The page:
Have you ever heard of Pantone color? A universal language of color for designers, brands, and manufacturers.
A pantone color chart shows a review of standard colors according to the Pantone color reproduction system, a mostly normalized color reproduction system. Many industries, usually printing, although sometimes in the manufacture of fabrics, plastics, and colored paint, use the color space.
Time waits for no one, now, let’s get into deeper about all these things about color & hats!!
Photo by Mika Baumeister on Unsplash
First, let’s have some idea of the pantone color system.
In 1963, a little known printing company called Pantone Inc. revolutionized the game with the world's first color matching system. This system was developed by part-time employee, Lawrence Herbert.
At the time, Herbert was coming into printing to make extra money to pay his way through medical school. However, he had a knack for the industry and a passion to improve the current system.
After years and years of hard-working, he became famous and well-known. Almost all forms of advertising rely on the Pantone Matching System (PMS) for their colors. For example, colleges and universities use Pantone colors to print an exact color match for logos, mascots, and school names.
RGB stands for “red, green, and blue.” An additive color model that reproduces a broad array of colors by combining different intensities of red, green, and blue light.
RGB is the foundation for many colored display output devices such as computer monitors, televisions, and displays on mobile phones.
The huge difference between Pantone and RGB is that the former one can provide a standardized system for color identificationand matching, while RGB is an additive color model primarily used for digitalformats. That’s the key difference.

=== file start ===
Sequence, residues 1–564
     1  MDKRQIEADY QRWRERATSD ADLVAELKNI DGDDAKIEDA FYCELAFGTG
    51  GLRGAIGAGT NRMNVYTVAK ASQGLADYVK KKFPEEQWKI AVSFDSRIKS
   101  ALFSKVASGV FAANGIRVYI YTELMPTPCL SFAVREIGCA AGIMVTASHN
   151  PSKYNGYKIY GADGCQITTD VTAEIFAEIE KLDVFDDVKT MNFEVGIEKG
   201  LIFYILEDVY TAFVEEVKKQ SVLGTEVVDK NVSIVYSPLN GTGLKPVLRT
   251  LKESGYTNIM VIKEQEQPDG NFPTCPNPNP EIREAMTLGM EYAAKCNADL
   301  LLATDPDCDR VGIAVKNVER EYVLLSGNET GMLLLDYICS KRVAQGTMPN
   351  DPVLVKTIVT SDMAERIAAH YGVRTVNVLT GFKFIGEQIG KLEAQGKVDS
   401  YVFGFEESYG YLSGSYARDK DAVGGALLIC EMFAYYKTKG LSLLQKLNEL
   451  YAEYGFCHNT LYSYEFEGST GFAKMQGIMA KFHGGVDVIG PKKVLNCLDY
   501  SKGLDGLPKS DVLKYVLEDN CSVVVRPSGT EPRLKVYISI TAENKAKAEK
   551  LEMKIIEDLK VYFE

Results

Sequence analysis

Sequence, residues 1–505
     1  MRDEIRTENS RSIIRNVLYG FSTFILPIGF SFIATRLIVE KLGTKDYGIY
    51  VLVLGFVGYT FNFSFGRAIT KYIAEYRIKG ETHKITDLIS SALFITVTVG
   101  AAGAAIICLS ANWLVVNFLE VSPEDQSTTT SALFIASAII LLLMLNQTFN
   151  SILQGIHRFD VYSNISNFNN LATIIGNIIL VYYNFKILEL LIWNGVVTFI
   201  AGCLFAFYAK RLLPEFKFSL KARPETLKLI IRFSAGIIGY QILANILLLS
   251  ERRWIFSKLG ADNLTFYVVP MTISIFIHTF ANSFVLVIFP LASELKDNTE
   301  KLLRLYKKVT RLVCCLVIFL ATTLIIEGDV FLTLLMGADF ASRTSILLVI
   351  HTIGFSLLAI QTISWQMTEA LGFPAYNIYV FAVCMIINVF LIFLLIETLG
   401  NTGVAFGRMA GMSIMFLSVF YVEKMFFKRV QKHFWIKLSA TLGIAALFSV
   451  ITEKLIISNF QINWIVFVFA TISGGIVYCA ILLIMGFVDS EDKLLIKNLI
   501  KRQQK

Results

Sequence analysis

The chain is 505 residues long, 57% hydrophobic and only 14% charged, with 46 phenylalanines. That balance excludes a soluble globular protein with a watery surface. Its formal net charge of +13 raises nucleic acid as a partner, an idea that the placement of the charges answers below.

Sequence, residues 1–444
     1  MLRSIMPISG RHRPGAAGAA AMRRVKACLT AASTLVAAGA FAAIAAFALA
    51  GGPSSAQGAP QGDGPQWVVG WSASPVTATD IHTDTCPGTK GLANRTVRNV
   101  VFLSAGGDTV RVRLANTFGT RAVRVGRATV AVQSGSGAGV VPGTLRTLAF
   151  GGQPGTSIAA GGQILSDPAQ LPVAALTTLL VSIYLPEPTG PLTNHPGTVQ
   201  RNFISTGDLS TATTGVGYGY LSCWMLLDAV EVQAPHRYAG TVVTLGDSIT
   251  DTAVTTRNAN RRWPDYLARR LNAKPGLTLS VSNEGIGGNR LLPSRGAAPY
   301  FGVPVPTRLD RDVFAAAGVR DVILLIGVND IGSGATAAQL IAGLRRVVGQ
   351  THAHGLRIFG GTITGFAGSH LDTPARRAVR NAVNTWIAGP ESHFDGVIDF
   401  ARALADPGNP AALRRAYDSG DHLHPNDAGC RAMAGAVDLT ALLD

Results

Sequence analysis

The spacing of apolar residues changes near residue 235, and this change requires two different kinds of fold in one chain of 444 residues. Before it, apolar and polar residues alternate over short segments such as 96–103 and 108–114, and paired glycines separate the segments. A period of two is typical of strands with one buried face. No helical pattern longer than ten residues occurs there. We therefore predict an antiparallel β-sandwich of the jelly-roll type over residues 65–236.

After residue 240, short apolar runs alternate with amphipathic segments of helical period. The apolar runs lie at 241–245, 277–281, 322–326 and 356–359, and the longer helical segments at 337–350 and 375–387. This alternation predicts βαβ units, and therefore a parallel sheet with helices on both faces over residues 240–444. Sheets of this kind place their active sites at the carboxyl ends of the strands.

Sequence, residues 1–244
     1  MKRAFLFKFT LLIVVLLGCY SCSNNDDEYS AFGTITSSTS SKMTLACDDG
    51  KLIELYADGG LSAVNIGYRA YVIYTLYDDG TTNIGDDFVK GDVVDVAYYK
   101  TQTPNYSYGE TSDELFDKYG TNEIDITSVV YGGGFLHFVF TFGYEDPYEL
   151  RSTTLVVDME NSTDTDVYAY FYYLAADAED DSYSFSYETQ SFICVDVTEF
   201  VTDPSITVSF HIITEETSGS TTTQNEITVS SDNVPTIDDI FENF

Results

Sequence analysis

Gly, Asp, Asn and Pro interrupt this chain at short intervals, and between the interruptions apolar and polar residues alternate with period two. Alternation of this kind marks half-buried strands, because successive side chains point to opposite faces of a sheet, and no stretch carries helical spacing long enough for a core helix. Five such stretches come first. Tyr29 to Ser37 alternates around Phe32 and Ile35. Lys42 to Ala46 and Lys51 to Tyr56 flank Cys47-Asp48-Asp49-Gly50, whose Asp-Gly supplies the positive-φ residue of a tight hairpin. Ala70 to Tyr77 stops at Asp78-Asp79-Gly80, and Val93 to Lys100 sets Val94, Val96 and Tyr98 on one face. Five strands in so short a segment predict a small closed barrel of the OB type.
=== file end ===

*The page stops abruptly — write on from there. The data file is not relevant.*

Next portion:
Yes for sure!! RGB color model is an additive color model, which means the more value you add, the more you get closer to white. In PMS, each shade contains three or four digits numbers followed by C (coated), U (uncoated), and M (matte). These variations help in deciding how the color is displayed on these papers.
Simply put, RGB to Pantone conversion is essential for converting a digital image to a printing form.
To convert the RGB to Pantone, perform the following steps.
· Open the RGB to Pantone online converter.
· Please enter the Red, Green, and Blue values in their provided sections.
· You can also refer to the "color palette" for the possible close selection of the required color.
· From the dropdown, select "Distance" value (16, 32, 48, 64, 80, 96).
· The RGB to Pantone converter tool will display the results depending on the selected values. Use DNSCHECKER, also the tools above can achieve this.
One use of the Pantone color matching system is standardizing colors in the CMYK.
CMYK acronym stands for Cyan, Magenta, Yellow, and Key. Colours used in the printing process. CMYK is also a process of printing color using four inks. It can be used to produce a subset of unique Pantone colors.
Convert CMYK to Pantone with this tool. All you have to do is select your color to generate the name in Pantone and match codes.
Steps are below:
1. Input your color codes in any field in color model area
2. The color code converter will show results in the Color Codes section
3. The colour will be converted to the equivalent Pantone code
Using Adobe Illustrator as an example to find your Pantone Colour Reference
To find it easily go to Window menu and open up the Swatches palette.
Here click on the menu icon on the top right corner of the palette and look for New Color Swatch.
There you will see the Pantone books under the Color Mode. There are a bunch of them listed there: Coated, Uncoated, Metalic, Pastel colors and so on.
If you don’t know which color books to use please refer to the Pantone color guides on www.pantone.com or if you are working for a client simple ask them the Pantone colors of their logo for example. When you have the Pantone colors all you need to do is select the object on your artboard and give it the right Pantone color.